The supply-side of the equation looked bleak in December & January as new listings spiked 42% & 37% respectively on an annual basis. In February, new listings growth eased to just 9%. A week into March and new listings are only up 3% year-over-year, inline with the 5-year average and below the 10-year average for the month.
New listings have pulled back so far that the sales-to-new-listings ratio has climbed to a balanced 45%.
Unfortunately, there has been no such improvement on the demand side of things. A total of 365 homes have sold month-to-date, down -30% year-over-year. For those pointing out that 2014 was an exceptionally strong year thereby invalidating annual comparisons, sales this month are also off -18% from the 5 year average and -21% below the 10 year average. It’s slow, alright?
The hope is that buyers are cautiously circling the market in a holding pattern until they are confident about their finances and job security. It’ll be some time before we know the full economic impact of low oil prices in our province; job loss figures have barely started trickling through to Statistics Canada’s LFS results.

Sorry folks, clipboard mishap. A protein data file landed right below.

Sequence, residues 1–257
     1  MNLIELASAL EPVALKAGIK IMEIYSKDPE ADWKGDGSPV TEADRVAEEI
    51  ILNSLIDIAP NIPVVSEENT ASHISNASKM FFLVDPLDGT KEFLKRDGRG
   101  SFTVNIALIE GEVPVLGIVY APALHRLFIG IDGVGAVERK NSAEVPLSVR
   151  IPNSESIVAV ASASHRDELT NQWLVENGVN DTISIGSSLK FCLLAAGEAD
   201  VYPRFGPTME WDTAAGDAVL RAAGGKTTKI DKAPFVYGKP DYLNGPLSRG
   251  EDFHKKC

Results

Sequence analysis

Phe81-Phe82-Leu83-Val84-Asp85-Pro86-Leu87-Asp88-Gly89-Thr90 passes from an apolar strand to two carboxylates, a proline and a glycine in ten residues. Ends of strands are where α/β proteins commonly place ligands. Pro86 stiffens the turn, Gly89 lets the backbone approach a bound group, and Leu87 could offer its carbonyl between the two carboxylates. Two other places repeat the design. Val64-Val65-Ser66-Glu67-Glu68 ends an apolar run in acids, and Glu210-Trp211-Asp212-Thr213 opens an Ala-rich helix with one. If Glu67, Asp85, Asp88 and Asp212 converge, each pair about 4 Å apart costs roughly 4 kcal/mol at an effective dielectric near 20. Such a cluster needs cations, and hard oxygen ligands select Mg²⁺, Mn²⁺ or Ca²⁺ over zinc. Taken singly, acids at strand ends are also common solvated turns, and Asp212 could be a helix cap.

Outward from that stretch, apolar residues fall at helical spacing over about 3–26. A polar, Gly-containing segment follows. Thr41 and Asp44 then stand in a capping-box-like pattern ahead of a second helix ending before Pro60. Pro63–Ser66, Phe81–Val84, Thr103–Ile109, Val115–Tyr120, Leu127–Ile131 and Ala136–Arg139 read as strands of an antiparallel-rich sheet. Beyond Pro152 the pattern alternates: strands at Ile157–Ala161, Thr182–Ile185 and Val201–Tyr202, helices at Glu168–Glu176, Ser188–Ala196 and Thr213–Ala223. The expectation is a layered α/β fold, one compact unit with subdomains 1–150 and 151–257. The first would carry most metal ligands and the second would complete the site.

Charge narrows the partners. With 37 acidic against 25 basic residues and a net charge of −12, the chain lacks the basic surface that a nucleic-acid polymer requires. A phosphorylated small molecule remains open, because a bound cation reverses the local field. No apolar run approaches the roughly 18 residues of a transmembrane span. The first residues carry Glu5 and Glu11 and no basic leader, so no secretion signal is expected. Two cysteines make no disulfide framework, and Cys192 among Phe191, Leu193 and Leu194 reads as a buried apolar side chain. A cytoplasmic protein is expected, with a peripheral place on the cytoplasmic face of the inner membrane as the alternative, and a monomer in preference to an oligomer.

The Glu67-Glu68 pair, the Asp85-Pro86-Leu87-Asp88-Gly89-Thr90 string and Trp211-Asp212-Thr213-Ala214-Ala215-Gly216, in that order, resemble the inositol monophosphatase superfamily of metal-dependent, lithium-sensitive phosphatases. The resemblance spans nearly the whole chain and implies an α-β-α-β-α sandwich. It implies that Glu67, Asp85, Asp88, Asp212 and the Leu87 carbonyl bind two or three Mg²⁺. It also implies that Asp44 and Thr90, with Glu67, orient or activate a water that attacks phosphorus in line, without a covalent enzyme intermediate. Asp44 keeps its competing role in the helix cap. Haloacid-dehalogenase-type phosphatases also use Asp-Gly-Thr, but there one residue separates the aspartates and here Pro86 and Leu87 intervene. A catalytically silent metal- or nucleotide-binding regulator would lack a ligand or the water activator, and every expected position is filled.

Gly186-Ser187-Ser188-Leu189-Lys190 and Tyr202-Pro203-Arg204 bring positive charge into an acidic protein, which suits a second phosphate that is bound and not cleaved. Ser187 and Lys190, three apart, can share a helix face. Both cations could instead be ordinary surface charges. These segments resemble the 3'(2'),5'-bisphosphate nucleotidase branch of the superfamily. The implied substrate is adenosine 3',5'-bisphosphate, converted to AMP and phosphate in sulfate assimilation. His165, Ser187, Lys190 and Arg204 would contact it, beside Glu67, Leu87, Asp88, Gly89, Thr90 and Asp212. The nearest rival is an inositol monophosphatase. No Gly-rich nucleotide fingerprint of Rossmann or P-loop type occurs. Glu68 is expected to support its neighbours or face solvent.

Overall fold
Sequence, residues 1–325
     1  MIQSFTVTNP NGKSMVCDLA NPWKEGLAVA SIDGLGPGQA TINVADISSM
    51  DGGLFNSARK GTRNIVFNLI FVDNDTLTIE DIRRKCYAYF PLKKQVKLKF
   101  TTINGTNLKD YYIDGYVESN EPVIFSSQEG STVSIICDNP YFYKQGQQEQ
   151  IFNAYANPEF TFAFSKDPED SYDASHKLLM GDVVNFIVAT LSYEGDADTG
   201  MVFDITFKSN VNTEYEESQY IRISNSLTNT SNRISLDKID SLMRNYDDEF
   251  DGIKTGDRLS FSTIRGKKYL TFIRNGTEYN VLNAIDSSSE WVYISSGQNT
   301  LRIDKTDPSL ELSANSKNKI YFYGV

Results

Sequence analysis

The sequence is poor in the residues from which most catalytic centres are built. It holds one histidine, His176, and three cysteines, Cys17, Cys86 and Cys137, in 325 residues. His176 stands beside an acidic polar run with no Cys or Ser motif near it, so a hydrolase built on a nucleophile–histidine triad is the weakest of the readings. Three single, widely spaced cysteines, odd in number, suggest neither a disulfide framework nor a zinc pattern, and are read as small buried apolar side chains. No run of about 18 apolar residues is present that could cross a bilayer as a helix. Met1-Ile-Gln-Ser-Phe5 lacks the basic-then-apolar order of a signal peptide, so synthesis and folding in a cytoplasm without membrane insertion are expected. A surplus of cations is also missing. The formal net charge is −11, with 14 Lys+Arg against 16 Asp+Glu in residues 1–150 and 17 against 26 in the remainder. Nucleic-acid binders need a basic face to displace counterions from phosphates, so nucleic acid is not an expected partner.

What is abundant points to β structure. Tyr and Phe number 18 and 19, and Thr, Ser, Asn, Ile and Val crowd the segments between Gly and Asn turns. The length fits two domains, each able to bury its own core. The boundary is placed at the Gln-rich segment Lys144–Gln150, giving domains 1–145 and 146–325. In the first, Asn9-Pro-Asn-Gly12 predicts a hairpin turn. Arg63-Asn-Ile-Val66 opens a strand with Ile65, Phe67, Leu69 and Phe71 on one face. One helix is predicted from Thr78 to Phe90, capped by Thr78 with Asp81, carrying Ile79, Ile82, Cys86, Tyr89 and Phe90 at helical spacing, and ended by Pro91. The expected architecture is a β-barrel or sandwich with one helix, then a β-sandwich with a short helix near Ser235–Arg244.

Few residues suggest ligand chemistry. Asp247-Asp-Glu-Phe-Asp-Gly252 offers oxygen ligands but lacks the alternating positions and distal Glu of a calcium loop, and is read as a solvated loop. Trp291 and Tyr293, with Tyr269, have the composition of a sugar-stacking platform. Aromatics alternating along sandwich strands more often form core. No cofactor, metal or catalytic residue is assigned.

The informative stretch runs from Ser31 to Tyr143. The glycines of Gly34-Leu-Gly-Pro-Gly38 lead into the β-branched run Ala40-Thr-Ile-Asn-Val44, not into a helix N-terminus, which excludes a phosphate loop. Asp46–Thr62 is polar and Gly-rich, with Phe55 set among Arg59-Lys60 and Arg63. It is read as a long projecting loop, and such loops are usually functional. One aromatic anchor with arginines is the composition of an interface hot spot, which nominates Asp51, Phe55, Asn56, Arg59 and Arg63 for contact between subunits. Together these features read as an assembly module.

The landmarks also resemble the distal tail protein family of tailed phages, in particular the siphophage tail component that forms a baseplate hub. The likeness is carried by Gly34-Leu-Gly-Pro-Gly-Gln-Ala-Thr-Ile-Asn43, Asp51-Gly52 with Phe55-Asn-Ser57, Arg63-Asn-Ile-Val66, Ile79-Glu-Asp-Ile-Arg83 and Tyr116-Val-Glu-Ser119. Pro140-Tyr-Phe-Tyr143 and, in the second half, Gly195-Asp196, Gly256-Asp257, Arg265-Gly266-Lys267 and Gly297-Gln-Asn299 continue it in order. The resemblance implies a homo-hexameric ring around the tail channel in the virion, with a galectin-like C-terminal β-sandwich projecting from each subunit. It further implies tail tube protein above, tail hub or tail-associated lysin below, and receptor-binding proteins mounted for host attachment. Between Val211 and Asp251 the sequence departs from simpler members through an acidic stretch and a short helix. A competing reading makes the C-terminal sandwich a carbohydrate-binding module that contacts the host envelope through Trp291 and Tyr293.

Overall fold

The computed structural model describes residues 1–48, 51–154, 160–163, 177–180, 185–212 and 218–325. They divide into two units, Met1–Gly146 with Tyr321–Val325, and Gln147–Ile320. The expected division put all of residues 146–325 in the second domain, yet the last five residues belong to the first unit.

In the meantime, although new listings levels have found normalcy, inventory will keep climbing until buyers make a return.
Luxury home sales continue to wither, falling by nearly half from the same period a year ago. On a positive note, a Britannia home sold for $5,200,000 making it the most expensive Calgary MLS® sale since June 2013.
Early in the month, the average price is down -1% y/y, and the median by -4%.
Please note that the statistics currently showing on the homepage of CREB.com are inaccurate and have been glitchy for most of the month. Below are the correct figures for the City of Calgary overall: